Bender (1938) used her test mainly as a clinical tool to observe the performance of her patients. Nevertheless, several scoring procedures were developed over the years to tap into the potential of the test to assess visuoperceptive cortical functions or as a projective technique for the study of personality.
The best known scoring procedure seems to be the one devised by Pascal and Suttell (1951) who identified over 100
scorable characteristics of the Bender Test in adolescents and adults. Keogh and Smith (1961) and Koppitz (1975), among others, devised scoring systems for kindergarten and elementary school children. Furthermore, Koppitz (1975) included emotional indicators in the analysis of test protocols. Other researchers have developed scoring procedures centered on whole performance rather than on the analysis of individual reproductions. A prototypical example of such a scoring system would be the Psychopathol-ogy Scale devised by Hutt (1985). Hutt, in addition, developed another scale that taps into the projective potential of the Bender Test: the Adience-Abience Scale.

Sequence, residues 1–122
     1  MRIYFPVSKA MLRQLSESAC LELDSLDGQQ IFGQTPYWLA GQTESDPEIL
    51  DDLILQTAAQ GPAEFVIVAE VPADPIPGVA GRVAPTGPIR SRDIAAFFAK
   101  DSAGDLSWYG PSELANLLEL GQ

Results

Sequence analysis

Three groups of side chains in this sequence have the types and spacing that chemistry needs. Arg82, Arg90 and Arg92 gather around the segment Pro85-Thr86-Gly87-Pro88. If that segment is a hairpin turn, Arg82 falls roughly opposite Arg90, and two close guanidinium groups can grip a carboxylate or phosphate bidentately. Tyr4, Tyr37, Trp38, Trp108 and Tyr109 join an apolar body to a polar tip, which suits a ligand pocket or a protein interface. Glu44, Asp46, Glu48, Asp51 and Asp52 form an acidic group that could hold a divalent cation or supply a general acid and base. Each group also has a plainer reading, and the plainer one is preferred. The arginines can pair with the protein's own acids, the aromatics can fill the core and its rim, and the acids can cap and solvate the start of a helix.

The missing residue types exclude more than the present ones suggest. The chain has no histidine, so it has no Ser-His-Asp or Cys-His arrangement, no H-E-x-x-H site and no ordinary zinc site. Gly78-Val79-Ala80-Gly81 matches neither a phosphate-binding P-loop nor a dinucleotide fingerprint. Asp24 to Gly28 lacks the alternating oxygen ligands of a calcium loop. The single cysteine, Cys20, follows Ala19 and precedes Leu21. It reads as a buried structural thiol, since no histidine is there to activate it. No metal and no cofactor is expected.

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With all the stresses and strains of modern living, panic attacks are become a common problem for many people. Panic attacks occur when the pressure we are living under starts to creep up and overwhelm us. Often it's a result of running on the treadmill of life and forgetting to watch the signs and symptoms of the effects of excessive stress on our bodies. Thankfully panic attacks are very treatable. Often it is just a matter of learning to recognize the symptoms and learn simple but effective techniques that help you release yourself from the crippling effects a panic attack can bring.